The US Idaho National Laboratory (INL) has reportedly bought two fireproof chemical storage containers that allow lithium-ion batteries to be tested under extreme temperature conditions.
Local medial said INL tests experimental batteries including those from Ford, General Motors and Fiat Chrysler Automobiles. Electric vehicles (EVs) batteries used in Chevrolet are likely to be tested in new containers in next year, according to reports.
The containers allow INL to test experimental, fast-charging lithium-ion batteries for electric and hybrid vehicles as well as ultracapacitors and other electronics.
The test facility provides 17,500 square feet of laboratory space equipped with tools that allow testing of several hundred batteries at the same time, ranging from small cells to full-sized battery packs used in current light-duty vehicles.
Batteries are tested inside two thermal chambers to ensure consistent and repeatable temperature conditions. The thermal chambers are capable of a wide range of temperatures, from -65°C to 190°C for enhanced testing and modelling capability.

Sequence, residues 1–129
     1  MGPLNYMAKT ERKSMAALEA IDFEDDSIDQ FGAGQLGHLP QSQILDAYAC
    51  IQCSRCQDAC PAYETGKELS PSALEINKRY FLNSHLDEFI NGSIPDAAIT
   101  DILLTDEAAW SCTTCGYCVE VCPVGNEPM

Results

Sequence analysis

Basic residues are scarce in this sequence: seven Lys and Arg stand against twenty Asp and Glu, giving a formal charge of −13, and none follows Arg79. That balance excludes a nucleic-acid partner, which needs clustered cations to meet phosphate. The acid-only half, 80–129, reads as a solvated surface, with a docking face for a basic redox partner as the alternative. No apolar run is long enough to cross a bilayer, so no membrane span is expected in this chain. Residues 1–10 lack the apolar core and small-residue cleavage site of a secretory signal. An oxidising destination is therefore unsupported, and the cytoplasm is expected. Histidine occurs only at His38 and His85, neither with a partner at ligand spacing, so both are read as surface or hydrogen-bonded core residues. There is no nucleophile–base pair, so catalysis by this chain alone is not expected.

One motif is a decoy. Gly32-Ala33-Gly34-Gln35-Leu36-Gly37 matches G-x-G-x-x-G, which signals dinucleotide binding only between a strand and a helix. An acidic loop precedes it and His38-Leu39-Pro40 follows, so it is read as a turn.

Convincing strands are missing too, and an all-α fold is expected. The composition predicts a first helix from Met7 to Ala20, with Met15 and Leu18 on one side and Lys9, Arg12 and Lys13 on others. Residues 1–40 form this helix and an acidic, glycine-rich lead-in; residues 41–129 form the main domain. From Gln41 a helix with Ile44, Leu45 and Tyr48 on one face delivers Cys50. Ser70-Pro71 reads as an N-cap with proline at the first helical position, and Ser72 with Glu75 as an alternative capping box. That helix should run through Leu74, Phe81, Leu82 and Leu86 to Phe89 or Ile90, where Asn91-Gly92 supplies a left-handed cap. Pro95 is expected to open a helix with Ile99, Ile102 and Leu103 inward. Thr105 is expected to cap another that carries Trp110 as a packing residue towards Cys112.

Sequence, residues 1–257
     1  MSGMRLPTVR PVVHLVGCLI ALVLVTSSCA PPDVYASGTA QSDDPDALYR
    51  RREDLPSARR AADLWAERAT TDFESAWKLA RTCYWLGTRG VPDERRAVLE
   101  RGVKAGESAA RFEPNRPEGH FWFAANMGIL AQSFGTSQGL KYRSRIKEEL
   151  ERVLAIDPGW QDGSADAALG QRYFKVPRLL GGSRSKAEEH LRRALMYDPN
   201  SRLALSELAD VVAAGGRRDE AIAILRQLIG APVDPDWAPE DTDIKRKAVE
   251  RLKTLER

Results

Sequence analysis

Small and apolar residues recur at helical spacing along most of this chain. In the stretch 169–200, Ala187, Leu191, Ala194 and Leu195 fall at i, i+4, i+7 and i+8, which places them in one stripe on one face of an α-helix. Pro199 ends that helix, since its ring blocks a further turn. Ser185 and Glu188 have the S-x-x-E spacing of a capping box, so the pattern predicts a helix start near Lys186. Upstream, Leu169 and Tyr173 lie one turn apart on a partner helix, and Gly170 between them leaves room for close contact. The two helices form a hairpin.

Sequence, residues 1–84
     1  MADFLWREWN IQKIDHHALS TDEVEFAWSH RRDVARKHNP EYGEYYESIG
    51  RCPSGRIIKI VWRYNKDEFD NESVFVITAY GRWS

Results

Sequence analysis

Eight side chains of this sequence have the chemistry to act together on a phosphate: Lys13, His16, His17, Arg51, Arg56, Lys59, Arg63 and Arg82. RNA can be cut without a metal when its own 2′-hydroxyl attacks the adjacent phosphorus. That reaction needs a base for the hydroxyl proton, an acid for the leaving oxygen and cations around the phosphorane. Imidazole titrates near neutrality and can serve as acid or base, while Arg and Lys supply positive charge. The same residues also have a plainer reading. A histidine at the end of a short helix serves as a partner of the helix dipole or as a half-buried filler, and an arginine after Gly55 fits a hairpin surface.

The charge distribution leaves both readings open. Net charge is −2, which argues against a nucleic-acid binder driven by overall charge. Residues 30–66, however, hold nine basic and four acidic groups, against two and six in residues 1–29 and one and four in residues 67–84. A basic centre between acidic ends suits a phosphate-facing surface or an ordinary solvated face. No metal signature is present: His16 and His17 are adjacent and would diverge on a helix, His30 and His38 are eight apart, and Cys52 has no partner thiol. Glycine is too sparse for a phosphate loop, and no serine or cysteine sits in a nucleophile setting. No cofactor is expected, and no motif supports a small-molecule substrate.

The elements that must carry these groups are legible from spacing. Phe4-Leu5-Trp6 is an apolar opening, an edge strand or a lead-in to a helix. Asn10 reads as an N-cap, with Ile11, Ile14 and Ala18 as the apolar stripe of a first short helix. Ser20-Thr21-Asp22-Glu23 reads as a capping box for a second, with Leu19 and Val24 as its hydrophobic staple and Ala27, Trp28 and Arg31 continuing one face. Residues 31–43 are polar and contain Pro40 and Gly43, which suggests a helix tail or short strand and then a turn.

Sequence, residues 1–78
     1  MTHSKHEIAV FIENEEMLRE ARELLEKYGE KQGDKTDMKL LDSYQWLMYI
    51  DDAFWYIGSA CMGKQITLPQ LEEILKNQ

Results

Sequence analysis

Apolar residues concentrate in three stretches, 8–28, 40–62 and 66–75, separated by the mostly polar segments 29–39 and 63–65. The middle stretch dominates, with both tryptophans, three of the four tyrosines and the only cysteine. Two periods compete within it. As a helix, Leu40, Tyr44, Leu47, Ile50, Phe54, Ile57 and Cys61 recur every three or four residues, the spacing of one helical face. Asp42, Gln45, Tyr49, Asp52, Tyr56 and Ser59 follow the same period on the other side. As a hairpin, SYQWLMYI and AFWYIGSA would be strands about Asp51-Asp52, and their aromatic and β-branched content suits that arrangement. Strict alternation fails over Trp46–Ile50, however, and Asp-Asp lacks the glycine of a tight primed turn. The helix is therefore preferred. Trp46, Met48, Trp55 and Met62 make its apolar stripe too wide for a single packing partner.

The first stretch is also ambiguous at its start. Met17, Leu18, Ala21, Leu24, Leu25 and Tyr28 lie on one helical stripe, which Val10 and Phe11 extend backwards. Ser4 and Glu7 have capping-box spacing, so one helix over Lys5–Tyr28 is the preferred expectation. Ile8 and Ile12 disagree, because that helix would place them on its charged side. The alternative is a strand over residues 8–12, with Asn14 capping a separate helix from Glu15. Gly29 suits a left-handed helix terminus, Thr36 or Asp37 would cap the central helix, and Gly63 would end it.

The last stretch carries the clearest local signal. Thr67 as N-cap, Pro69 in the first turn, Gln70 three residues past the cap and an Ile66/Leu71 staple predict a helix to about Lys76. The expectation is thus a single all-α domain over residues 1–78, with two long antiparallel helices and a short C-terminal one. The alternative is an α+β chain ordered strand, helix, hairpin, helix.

INL has a vibration test station to test experimental electric car batteries to simulate driving conditions.
Kev Adjemian, the director at INL’s Clean Energy and Transportation Division , said the fastest 480V EV’s battery charger took about 30 minutes to fully charge. However, automotive manufacturers are trying to reduce the charging time to five or 10 minutes.
Adjemian said experimental energy-dense batteries capable of such charging speeds are more fire-prone and more likely to release volatile fumes, which is why storage units are necessary for testing.
“They give the (US) Department of Energy (DOE) a location to do these types of tests without burning a lab or a whole building down,” Adjemian said. “We’re trying to test these extreme conditions in a safe environment.”
The rectangular shaped containers, which are traditionally used in other industries such as waste management and food manufacturing, for the storage of hazardous chemicals and materials, can withstand fire for four hours.
Adjemian said: “Can the battery and vehicle withstand such high levels of charging? Over time, what are the possible failure mechanisms?” “We start with the developer to work on potential countermeasures to solve particular problems.”
The test results will allow INL researchers to work with industry or lab partners to eliminate vulnerabilities.
Though new battery chemistries and manufacturing ideas pop up often, a battery takes around 20 years to develop from the “beaker to the dealership,” Adjemian said, during which time it would likely stop in Idaho.
“The reality is every week some professor is saying ‘I invented this thing that will solve everything’,” Adjemian said. “But the DOE doesn’t necessarily believe it until Idaho tests it.”